Note: Because this is an ongoing series, viewers will not receive a certificate of completion.
- Soil expansion
- Thermal expansion
Skill Level Beginner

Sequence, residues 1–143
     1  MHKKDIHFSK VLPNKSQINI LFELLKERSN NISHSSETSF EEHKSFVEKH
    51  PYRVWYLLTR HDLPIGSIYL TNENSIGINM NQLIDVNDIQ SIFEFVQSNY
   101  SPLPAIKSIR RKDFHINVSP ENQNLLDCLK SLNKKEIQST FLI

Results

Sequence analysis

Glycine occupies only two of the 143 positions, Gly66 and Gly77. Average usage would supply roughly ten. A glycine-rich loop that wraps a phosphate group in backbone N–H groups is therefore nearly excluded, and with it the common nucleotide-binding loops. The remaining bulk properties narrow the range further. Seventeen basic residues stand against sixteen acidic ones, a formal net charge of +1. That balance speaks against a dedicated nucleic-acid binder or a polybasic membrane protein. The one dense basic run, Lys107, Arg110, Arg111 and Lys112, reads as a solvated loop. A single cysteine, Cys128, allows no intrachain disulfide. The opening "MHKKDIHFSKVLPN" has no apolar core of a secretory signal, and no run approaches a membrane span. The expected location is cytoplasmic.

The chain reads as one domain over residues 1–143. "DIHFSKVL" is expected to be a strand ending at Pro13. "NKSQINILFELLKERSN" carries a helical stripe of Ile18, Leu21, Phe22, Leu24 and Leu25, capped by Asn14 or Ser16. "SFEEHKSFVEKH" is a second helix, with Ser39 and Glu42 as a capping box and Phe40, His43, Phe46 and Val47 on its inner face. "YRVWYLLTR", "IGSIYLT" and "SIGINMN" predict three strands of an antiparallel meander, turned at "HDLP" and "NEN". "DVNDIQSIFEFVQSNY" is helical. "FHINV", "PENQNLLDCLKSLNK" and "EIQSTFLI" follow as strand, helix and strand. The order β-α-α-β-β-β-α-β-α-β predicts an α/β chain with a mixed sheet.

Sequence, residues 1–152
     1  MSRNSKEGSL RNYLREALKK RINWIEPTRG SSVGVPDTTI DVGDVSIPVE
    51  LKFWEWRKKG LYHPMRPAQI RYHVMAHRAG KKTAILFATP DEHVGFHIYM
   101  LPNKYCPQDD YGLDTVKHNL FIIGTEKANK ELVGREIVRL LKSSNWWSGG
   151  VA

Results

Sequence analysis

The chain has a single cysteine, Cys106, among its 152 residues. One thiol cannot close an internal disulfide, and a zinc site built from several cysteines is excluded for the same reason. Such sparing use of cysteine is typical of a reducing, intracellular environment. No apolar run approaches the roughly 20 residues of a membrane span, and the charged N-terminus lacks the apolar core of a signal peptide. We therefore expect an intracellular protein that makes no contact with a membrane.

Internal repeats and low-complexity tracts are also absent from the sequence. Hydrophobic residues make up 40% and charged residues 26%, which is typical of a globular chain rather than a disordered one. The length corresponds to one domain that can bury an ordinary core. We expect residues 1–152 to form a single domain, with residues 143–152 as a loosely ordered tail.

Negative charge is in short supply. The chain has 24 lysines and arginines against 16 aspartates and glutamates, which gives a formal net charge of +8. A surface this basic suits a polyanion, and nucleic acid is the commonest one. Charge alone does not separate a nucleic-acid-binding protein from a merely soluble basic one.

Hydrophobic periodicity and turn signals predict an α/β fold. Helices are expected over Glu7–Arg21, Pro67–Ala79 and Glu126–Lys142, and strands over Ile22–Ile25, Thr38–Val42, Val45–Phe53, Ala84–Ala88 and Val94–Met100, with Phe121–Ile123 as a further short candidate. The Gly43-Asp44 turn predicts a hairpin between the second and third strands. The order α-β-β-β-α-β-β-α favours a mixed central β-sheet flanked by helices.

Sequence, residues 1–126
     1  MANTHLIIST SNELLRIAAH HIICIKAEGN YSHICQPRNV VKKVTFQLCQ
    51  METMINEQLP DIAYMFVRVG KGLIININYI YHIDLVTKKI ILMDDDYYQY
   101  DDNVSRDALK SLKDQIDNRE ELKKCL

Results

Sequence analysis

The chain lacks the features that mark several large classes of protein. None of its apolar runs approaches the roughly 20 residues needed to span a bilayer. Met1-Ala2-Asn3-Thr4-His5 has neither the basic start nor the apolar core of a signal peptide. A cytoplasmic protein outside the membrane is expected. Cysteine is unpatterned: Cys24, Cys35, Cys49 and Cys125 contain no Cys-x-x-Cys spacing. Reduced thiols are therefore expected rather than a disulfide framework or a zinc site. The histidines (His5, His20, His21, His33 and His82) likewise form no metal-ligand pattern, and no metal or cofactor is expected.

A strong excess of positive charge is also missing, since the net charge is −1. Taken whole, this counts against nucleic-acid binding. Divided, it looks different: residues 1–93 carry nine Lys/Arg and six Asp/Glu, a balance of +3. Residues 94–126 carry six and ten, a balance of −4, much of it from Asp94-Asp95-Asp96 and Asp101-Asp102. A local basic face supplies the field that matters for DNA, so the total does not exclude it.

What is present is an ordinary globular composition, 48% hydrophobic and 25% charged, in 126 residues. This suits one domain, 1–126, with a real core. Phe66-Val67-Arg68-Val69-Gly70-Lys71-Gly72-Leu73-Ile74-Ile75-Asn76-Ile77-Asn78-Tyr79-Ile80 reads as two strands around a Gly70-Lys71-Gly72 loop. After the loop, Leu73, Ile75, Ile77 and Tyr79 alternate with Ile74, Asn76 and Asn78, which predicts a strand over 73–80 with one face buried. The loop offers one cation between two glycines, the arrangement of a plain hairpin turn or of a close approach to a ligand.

- Water bodies are a major part of the landscape. Oceans, rivers, and lakes are often beautiful, but they're not necessarily convenient places to build things. Most of our tools and construction materials, not to mention our labor force, work better in the dry. And yet many types of infrastructure we depend on everyday, including wharves, bridges, and dams are founded below the water. How do they do it? Hey, I'm Grady and this is practical engineering. On today's episode we're talking about different types of underwater construction. (happy electronic music) (mellow music) One of the major costs of large construction projects on or near bodies of water is how to manage that water. The first thing you might think of when you consider underwater construction is divers. Humans can survive and even accomplish work underwater with the help of scuba equipment that allows them to breathe and stay warm. Professional divers can accomplish a wide variety of tasks like welding, cutting, and erecting form work and other structures. But professional diving is dangerous and the types of tools and equipment that both function underwater and can be used safely by a diver are fairly limited. Remote vehicles and submersibles could take some of the risk away, but they're also limited in the types of tasks they can accomplish. So a lot of underwater construction involves getting rid of the water so you're not building under it at all. In the industry this is called dewatering or sometimes just care of water. And it includes a wider variety of construction equipment and techniques that all have a single goal in mind: to allow construction to happen safely and soundly in areas that would otherwise be infeasible or impossible to build because of water. The heart of many site dewatering plans is the cofferdam. A usually temporary structure built to hold back water from a construction site. Obviously, a cofferdam needs to be a structure you can build in the wet. Otherwise you'd just need another cofferdam to construct it. In many cases this is simply an earthen berm. You can just dump soil into the water until it creates an embankment tall enough to service an impoundment. Once your construction area is enclosed you simply pump the water out. Of course soil is somewhat permeable so you need to constantly pump out the water that manages to seep through. And uncompacted and saturated soil is not very strong. A collapse could be extremely dangerous for workers below the cofferdam so these types of structure require careful design by an engineer to make sure they're safe. Besides earthen embankments, there are a huge variety of cofferdam designs that are used on construction sites. Some use sheet piles, thick steel plates that interlock together. These are driven into subsurface soils with the huge hammer to create a watertight barrier. If the soils are too rocky to drive sheet piles or the depth is very high, sometimes sheet piles are used to create small, individual enclosures filled with soil called a cellular cofferdam. There are also cofferdams built of steel frames with a membrane and even water filled rubber bags. No matter what they're made from, cofferdams are almost always built to be dismantled and removed after construction. One important use of cofferdams is to build actual dams. In this case, often two cofferdams are necessary to block off the river on the upstream and downstream ends. But when performing construction across a river, obviously impoundment isn't the only necessary activity for dewatering. You also need a way to divert normal river flows around the construction site. This is why many dams are constructed in phases. You can build most of the structure away from the main channel, then divert the river through the recently constructed intake or spill way and finally construct the closure section of the dam. The Hoover Dam was build in a narrow canyon and needed massive diversion tunnels through the rock on either side. The lower entrances to these tunnels were sealed off after construction, but the rest of the tunnels became a part of the spill ways. For certain types of structures, the foundation can be constructed offsite and floated in by barge, commonly called a caisson. A hollow box or cylinder is lowered into its proper location and then the soil is excavated and removed from within until a sound layer of rock or strong soil is reached. Finally, the caisson is filled with concrete. Of course, that part about excavating down to a sound rock layer isn't as easy as it sounds. In the past, this was often done by workers, which meant that the inside of the caisson needed to be dewatered. And when you dewater a caisson, you create a difference in pressure between outside and inside with only soil inbetween. This means a constant battle of seepage flowing in from the bottom of the caisson or much worse, unstable soils that can rapidly erode and allow the caisson to flood. These problems are what led to the pneumatic caisson, a variation on the original design where compressed air is injected into the structure to balance the pressure from the water below. In a pneumatic caisson, the air pressure is maintained equal to or higher than the water pressure at the bottom of the structure so that seepage and soil instability can be avoided. It works just like when you turn a cup upside down before putting it under water. Except in this case, the cup is much bigger and the pressures inside can be much higher than normal atmospheric pressure. This is why workers on underwater foundations often got caisson disease, the same decompression sickness that divers get if they surface too quickly. The use of pneumatic caissons is fairly rare today because off all the safety issues. In fact, most advances in construction technology with regard to water are not toward better dewatering methods but actually how to avoid dewatering altogether. One of those advancements is the use of drilled shafts. With special equipment and construction techniques, you can excavate a hole, install steel reinforcement, and fill it with concrete to create an extremely strong foundation system without any dewatering required. Concrete is a lot denser than water, so if you can do it without much turbulence which can dilute the cement paste and weaken the final product, concrete placed underwater will cure and harden just as well, if not better, than if it were conventionally placed. The main way we accomplish this is through the use of a tremie, a tube through which concrete is pumped or gravity fed to the bottom of a form. The end of the tube stays below the top of concrete as it fills the excavation, preventing water from washing away the aggregate and diluting the cement. (happy electronic music) Whether the construction site's on the bottom of a lake or a river or simply located in the flood plane and only at risk during extreme weather, engineers and construction contracters put a significant amount of thought and consideration into the feasibility and costs of managing this water. Of course, this video can only scratch the surface of a topic that is as varied as the types and locations of construction sites across the world. But I hope it gives you a little better understanding about how we build infrastructure around water.